by Mark Anthony Brennan

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There is nothing finer than spending time in the funky confines of the Solstice Cafe on a lovely Victoria summer evening. Nothing, that is, unless you add some terrific music by two of Canada’s classier acts.

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First up was Victoria’s own West My Friend, a quirky folk quartet. Their deliberate restraint created an intimacy, allowing for a full appreciation of the various sonic textures that make up their unique sound. Eden Oliver’s crystal-clear vocals centred a delightful mixture of accordion, mandolin, acoustic guitar and upright bass. Not that it was all laid back — on a couple of occasions they frolicked a bit with some foot-stomping (I mean that literally). My only peeve (and I agree this is petty) was that they didn’t play one of my favourites, “When the Ink Dries”. Sadly, their set was over all too soon.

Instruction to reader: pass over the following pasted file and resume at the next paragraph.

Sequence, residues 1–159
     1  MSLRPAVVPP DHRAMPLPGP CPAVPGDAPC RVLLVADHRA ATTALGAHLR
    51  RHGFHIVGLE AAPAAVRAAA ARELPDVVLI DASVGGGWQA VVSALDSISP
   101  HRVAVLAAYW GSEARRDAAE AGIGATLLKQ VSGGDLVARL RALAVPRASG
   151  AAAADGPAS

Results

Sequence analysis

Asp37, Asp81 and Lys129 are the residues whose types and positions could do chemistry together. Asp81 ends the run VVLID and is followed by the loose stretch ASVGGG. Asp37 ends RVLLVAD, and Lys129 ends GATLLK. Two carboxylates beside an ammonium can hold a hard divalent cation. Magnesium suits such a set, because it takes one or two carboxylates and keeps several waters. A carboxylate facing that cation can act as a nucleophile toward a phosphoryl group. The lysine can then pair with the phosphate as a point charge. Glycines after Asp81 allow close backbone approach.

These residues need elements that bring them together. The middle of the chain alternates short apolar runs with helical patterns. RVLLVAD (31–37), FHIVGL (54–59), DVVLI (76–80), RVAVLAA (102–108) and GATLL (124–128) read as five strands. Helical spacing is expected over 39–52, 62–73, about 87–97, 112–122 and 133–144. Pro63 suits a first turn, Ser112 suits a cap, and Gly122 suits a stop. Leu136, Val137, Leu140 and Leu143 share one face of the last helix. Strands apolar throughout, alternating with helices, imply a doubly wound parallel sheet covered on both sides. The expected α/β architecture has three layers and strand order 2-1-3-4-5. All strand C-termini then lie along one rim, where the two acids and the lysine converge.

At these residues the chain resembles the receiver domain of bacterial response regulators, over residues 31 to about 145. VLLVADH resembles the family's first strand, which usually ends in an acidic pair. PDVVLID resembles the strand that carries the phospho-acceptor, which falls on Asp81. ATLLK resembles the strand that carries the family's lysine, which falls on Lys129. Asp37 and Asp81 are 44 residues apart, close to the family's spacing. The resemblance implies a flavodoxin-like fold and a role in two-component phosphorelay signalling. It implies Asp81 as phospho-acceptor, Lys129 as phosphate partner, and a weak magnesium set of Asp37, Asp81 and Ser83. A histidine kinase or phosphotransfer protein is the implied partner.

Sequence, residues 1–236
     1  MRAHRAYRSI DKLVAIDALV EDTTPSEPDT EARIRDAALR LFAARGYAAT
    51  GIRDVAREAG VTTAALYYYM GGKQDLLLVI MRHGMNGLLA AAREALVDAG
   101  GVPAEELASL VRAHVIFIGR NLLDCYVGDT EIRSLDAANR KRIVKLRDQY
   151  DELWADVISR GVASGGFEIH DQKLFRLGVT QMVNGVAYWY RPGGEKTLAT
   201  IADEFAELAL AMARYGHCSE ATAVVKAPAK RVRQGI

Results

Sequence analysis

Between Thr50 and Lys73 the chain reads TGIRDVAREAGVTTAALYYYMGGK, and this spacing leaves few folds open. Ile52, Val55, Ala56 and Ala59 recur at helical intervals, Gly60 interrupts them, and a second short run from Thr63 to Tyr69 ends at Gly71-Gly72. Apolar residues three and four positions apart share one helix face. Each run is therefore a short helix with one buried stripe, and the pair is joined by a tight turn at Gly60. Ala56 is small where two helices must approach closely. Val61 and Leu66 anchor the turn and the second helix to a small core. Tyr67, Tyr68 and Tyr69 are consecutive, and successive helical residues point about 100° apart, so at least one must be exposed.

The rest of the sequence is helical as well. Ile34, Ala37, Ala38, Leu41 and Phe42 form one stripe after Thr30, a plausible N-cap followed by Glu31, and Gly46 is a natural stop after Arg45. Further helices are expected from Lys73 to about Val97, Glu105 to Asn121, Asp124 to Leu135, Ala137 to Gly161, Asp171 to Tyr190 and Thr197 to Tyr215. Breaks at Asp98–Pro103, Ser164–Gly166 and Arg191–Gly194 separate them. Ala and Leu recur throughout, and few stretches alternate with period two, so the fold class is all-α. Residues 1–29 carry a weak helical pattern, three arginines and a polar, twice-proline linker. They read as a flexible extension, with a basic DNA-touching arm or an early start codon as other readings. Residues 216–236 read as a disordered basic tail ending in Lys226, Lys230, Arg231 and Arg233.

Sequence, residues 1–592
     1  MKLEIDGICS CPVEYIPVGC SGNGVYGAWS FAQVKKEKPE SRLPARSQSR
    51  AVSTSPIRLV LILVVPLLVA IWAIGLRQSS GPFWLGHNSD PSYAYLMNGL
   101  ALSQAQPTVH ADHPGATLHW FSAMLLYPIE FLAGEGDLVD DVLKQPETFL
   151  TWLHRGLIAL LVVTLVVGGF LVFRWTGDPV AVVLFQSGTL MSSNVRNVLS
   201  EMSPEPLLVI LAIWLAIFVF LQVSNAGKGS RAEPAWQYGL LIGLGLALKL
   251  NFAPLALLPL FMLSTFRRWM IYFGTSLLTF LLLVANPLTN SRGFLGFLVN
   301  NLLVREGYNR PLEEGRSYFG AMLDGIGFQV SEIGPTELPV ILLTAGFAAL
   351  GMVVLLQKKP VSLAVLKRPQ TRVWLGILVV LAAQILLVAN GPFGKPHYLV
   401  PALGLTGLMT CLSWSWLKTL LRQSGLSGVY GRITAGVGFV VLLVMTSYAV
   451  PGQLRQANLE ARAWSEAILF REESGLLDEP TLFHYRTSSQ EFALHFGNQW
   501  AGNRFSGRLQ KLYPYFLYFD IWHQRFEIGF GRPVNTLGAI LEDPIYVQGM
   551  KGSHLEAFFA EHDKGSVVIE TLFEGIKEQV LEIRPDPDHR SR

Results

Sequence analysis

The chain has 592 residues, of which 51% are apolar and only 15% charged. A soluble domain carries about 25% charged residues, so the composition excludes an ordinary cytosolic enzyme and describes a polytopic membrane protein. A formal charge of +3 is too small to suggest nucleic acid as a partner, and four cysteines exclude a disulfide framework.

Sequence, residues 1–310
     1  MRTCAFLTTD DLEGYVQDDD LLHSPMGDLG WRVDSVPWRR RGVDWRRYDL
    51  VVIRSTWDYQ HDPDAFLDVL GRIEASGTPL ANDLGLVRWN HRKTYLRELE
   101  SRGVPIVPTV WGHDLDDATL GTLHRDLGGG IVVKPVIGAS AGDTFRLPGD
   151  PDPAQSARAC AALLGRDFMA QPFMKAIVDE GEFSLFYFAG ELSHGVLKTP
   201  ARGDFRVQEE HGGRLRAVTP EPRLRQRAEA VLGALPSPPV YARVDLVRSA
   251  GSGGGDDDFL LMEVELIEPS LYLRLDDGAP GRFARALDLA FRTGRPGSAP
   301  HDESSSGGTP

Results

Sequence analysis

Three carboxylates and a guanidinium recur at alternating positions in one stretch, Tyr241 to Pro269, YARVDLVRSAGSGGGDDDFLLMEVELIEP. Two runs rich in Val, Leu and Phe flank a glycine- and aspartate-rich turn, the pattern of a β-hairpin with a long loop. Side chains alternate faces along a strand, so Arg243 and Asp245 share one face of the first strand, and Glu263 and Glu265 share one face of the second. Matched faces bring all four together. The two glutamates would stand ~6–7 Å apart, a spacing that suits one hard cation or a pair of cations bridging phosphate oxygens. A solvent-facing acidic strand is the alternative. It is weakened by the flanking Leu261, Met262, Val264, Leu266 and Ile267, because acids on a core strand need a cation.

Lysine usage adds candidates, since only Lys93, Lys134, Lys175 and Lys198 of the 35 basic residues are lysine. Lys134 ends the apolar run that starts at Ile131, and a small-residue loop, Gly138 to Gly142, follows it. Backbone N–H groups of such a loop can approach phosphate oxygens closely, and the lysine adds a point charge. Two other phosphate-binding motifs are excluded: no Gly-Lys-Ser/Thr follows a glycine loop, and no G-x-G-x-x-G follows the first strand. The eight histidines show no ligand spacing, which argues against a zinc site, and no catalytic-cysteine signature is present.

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Next was the amazing Jessica Stuart Few. They delivered a lively set of rock, folk, jazz and blues. Given their material Stuart’s voice is appropriately well-balanced — powerful and yet still sweet. She also proved to be equally adept at playing the electric guitar and the koto. It was a hoot watching her hop and writhe as she played the latter (a multi-stringed Japanese instrument). Being such a small venue the drums were a little overpowering in the mix, but it wasn’t too detrimental, especially on the louder numbers.

Stuart was appreciative that this was a “listening audience”, which should come as no surprise as the patrons here are normally sipping mochas and reading Proust.